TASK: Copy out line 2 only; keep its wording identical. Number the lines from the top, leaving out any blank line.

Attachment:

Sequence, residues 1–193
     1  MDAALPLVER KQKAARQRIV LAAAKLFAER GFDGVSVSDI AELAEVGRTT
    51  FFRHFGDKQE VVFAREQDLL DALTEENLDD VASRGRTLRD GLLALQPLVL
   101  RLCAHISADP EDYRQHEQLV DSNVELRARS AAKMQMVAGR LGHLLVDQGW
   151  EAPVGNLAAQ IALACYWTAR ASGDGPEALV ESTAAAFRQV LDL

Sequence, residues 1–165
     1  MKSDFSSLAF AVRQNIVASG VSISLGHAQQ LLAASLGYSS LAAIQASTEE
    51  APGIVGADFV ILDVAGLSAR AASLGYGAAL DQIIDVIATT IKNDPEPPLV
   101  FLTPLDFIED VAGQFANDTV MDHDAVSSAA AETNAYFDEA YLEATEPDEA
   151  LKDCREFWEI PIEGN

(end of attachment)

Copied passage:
     1  MDAALPLVER KQKAARQRIV LAAAKLFAER GFDGVSVSDI AELAEVGRTT